Mostly unseen by candlelight: damaged lungs and burnt-out homes

Advent is coming, but perhaps it is time to replace the instant hygge with an alternative

Candles are incredibly popular in Denmark – especially during the chillier months. Sure, you could just turn on the lights and fire up the radiator instead, but nothing really compares to the welcoming glow of a candlelit room.  

And come Christmas, burning candles play a central role in the absolute pinnacle of the celebrations: the dancing around the tree. 

Now, with the approach of this year’s Advent – starting on Sunday November 27 – many will be looking to secure their waxy wares in time for the festive period.

But surely it’s worth asking whether this poses something of a dilemma for a nation so obsessed with environmental impact?  

Greener flames 
Even the keenest of candle-holders would admit that they’re hardly chosen for their illuminative or warming qualities; they struggle to hold a light to Denmark’s modern, green-fuelled heating and lighting solutions. And in fact, the real impact may be far darker. 

Many candles are made of a petroleum-based wax. When burned, these candles release toxins like benzene, acrolein and soot – to name a few – into the air. Similar toxins are released by diesel engines – not exactly the scent of a Redberry Autumn Woodland! 

All of this means that your favourite scent may itself be contributing further toxins to your room’s aura, increasing its negative environmental impact. 

And that’s without factoring in the packaging and additive-ridden wicks involved in the superfluous medieval light-source.  

Think of the children! 
It gets worse. These candles are known to ruin indoor air quality. A study led by Aarhus University in 2015 suggested poor ventilation in schools crippled students’ ability to concentrate. The added extra emissions produced by the atmospheric candle in the corner – at home and at school – only worsens the issue. These poor students just can’t catch a break.    

Really, this should be obvious. The frequent burning of candles can discolour walls and other parts of the home, as well as contaminating ventilation systems. If it can do this to a wall, it is a grim thought to consider what it might be doing to the body, and for those suffering from asthma or other respiratory issues the problem is only accentuated.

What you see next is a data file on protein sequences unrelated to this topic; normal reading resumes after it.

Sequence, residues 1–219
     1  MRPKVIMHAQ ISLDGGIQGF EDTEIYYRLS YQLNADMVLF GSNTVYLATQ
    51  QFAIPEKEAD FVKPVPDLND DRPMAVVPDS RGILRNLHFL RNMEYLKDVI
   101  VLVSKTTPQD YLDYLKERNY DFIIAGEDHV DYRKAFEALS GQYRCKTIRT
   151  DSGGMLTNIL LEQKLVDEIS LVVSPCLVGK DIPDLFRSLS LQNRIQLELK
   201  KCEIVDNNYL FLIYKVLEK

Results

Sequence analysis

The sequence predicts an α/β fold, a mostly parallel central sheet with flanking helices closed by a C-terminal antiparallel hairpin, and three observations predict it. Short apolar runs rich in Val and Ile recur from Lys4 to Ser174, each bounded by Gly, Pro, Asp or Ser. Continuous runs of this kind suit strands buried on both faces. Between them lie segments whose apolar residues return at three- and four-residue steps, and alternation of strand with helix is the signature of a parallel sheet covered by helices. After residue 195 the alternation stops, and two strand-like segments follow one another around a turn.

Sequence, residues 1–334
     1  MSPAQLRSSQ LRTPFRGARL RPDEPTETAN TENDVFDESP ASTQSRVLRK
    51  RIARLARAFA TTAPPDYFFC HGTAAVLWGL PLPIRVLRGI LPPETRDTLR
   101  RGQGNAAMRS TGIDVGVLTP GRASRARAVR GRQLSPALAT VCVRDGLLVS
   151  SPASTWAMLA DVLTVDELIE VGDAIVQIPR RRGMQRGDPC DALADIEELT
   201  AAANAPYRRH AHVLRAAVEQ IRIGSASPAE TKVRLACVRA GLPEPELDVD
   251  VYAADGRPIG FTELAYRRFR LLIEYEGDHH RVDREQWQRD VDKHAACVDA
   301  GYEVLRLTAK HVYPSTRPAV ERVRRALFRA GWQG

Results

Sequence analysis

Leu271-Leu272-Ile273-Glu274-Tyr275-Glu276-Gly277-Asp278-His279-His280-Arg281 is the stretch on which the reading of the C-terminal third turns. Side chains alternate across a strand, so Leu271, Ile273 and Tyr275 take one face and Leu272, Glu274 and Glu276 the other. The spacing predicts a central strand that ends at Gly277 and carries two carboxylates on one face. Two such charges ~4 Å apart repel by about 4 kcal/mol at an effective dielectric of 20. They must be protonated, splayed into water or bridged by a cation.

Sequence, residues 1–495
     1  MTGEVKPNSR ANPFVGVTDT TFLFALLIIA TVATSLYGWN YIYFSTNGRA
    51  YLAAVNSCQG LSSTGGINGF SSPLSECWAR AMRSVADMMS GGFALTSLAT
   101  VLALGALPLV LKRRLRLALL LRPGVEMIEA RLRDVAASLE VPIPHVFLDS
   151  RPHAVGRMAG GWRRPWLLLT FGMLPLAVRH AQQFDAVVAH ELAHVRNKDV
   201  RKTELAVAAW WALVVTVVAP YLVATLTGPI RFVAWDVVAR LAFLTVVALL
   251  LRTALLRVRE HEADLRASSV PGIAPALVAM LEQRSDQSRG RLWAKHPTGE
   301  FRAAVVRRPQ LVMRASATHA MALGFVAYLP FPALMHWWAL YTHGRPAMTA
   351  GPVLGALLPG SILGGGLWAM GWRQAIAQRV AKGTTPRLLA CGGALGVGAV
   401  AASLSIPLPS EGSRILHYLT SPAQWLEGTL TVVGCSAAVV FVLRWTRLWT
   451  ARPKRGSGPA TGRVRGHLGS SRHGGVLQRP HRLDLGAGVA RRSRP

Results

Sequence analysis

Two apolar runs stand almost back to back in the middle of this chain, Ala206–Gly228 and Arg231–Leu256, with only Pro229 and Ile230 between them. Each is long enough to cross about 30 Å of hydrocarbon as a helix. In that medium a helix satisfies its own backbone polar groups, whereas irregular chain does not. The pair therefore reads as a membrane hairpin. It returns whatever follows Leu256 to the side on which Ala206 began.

Researchers from the University of Copenhagen found that when exposed to particles from burning candles, the damage done to mice was worse than an equal dose of diesel exhaust fumes. Among the effects were lung inflammation and toxicity, arteriosclerosis, and ageing effects on chromosomes in the lungs and spleen. 

According to the Danish Lung Association, the average Dane burns 3.5 kg of candles a year, and previous research has shown that 60 percent of ultra-fine particles in Danish homes stem from burning candles. All this quantity quickly adds up. 

Solution to pollution 
For a country that prides itself on its healthy eating habits and eco-friendly outlook, Denmark’s love of candles appears an aberration. Descartes’ ball of wax has served its purpose and perhaps it is time to look for more modern solutions. 

Or perhaps it is not! For those not keen to give up their sticks just yet, rest assured there are plenty of simple ways to enjoy a candle’s aesthetic without jeopardising your and Mother Earth’s health.  

Though not especially appealing on a chilly winter night, why not open a window? Increasing airflow reduces the pollutive effects, and perhaps makes for a more authentic winter experience. Maybe a suggestion for more evergreen candle enthusiasts. 

Alternatively, it is possible to find candles that do not release such harmful chemicals. At Kunstindustrien, co-owner Britta Schmidt prides herself on her products’ exceptionally low scores in soot tests. 

“We are using the best, cleanest and most stable plant-based stearin and paraffins available to make our wax altar candles. This means that the candles burn very clean and stable, and without odours,” she told CPH POST.

Bee on the safe side 
Furthermore, there are a number of alternatives to the common petroleum candle, including ones made of soy or beeswax. Both release far fewer toxins than their traditional counterpart, thus representing safer, cleaner alternatives. 

Of course, these solutions come at a price noticeably higher than their ten-a-penny replacements. But if we can begin to view candles as a luxury that comes at a heavy environmental cost, it might just be a price we have to pay.  

However, housefires are one factor that even bees can’t protect you from. Regular campaigns mean that public awareness is very high, but when this many candles are on the agenda, there is little that can be done. 

For Mads Dalgaard of the Danish emergency management agency BRS, a candle-less future cannot come soon enough – particularly when you add up the number of Christmas trees that have caught fire whilst the family’s dancing around the bedrooms.  

“We have lots of candles inside homes so we can hygge; it is something we have done forever. But people do stupid things … Hygge is a wonderful thing, but beware of candles,” he told The Guardian.